Pep Guardiola is rightly regarded as one of the greatest tactical minds ever. He played a huge part in Lionel Messi becoming Lionel Messi, he helped piece together two of the greatest club sides in history and did so while having his teams play football the right way. 

He transformed Phillip Lahm into a midfielder, converted Javier Mascherano into a centre-back, morphed Kevin De Bruyne into an all-action central midfielder and decided to use namesakes David and Bernardo Silva in the centre of the pitch as opposed to out wide.

Guardiola is a creative genius and because of this, his risks are generally rewarded.

However, there is a chink in his armour and it’s the use of full-backs. Since his arrival at the Etihad, Manchester City have spent more than £150million on players to occupy these positions. But they’re still struggling for long-term solutions. 

Though Benjamin Mendy initially appeared to be the real deal, injuries have prevented him from kicking on. Guardiola wasn’t convinced by Kyle Walker at right-back so brought in João Cancelo in a cash-plus-player deal which saw Danilo head to Juventus last summer.

Angeliño made a fleeting return, re-signing after a year away at PSV, but is now on loan with RB Leipzig with a view to a permanent switch. All that leaves Oleksandr Zinchenko to occupy the left-back role despite primarily being a midfielder. In the meantime, the Citizens are persistently linked with Leicester City’s Ben Chilwell

Why is it City appear to struggle to find full-backs who fit their system? Cancelo, for example, was one of Juventus’ best players last season, even upstaging Cristiano Ronaldo for a period of time. Angeliño has been a revelation in Germany for Julian Nagelsmann’s side and destroyed Tottenham Hotspur in the Champions League on Tuesday.

It’s clear they are good full-backs, but why aren’t they good for the reigning Premier League champions?

City do plenty of due diligence on potential signings so they must feel these players can do a job for Guardiola in his strict system. But, to a point, everything is just a theory until it is actually put into practice. 

If we use Angeliño as an example, you can kind of understand why it didn’t work out for him at the Etihad despite excelling during his single season in the Eredivisie with PSV. 

These five stats may seem like odd ones to concentrate on when looking at a left-back but there’s nothing traditional about the way Guardiola uses his. They aren’t in the team to make tackles or interceptions, they’re there to have an impact on proceedings in the final third.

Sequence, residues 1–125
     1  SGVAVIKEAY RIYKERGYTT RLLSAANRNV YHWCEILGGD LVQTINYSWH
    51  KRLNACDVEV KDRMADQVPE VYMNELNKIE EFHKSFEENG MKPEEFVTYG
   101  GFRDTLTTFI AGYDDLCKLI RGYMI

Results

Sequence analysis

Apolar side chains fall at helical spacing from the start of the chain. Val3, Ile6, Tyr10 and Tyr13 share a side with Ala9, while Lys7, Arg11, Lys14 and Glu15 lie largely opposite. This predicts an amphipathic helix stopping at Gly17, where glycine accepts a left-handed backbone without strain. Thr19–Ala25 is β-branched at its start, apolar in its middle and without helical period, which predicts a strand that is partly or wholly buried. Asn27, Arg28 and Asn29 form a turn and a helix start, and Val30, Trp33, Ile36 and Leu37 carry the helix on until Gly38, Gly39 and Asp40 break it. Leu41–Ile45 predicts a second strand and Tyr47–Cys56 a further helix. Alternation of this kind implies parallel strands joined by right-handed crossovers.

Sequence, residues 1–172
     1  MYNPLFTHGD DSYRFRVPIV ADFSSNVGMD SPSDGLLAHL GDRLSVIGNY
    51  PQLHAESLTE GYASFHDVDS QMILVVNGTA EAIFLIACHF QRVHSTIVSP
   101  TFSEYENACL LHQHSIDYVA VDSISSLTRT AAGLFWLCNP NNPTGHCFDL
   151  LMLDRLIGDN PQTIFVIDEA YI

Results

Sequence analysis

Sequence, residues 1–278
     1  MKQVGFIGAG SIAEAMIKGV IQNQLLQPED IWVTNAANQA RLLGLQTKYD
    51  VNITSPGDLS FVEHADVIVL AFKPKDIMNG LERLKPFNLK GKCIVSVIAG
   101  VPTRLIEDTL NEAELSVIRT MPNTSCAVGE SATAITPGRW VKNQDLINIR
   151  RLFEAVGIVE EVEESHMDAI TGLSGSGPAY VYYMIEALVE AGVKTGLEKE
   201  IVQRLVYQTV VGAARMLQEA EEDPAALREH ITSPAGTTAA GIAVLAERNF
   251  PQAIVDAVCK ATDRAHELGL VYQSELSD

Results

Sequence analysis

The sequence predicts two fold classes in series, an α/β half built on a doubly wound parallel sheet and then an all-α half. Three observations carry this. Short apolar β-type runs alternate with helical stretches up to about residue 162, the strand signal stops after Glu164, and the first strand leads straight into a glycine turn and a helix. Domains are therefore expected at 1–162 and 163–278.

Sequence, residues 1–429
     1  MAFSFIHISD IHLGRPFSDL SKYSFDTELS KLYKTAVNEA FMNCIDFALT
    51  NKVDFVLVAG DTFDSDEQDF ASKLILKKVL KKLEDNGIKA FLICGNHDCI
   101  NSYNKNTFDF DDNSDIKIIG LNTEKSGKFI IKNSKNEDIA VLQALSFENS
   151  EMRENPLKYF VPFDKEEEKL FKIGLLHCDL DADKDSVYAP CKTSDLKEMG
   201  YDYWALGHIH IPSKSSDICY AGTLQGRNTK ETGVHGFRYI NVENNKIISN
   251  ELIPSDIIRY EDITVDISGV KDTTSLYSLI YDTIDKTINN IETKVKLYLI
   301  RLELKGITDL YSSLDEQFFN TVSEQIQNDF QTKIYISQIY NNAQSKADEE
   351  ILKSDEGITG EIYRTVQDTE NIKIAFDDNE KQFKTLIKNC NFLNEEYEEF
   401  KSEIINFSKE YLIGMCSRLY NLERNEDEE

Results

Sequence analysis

The passes attempted stat highlights the fact Angeliño had a lot of the ball with City. He was playing, on average, 32 more passes (per 90) than he is for RB Leipzig. Some full-backs in the Premier League don’t even attempt that many over the course of 90 minutes. He was taking more than 100 touches for Guardiola’s side but that average has dropped to 60. Even that is a substantial number for a full-back. 

There’s possession football and then there’s Manchester City football. Players who excel with the former aren’t necessarily cut out for the latter and Guardiola doesn’t make subtle changes to combat that. Instead, he just signs somebody else.

The graphic above shows Angeliño is much freer at the Red Bull Arena. He’s able to attempt and complete more dribbles, as well as playing more forward passes. The Spaniard has been able to take risks and, because of this, he has impressed. 

Some players aren’t cut out for being so involved in the play. Not if it prevents them doing what they’re good at. It’s a similar story with Cancelo, too.

In Turin, the Portugal international was able to take on more responsibility. He was attempting more dribbles and playing a higher percentage of his passes forward. His role wasn’t about ball retention, it was about ball progression. He was a marauding right-back who, unlike many of his peers, looked composed in possession. The 25-year-old appeared readymade for Guardiola’s system.

He still might be, further down the line. Right now he’s come in for criticism. Reports even linked him with a move away from the Eithad during the January transfer window.

Cancelo appears to be much more robotic since the move to Manchester. It’s exactly what Guardiola wants but it’s to his detriment as a player. He’s playing more passes, seeing more of the ball and attempting fewer risks. Because of this, he doesn’t look like a £60million-rated player.

Cancelo and Angeliño are both really good conventional full-backs. But there’s nothing conventional about the way Guardiola uses his full-backs. Whereas most teams use them as default wingers, City use theirs as central midfielders and this explains why they see so much of the ball.

Unless they tweak their system and utilise these wide players differently, traditional left and right-backs aren’t ever going to excel there.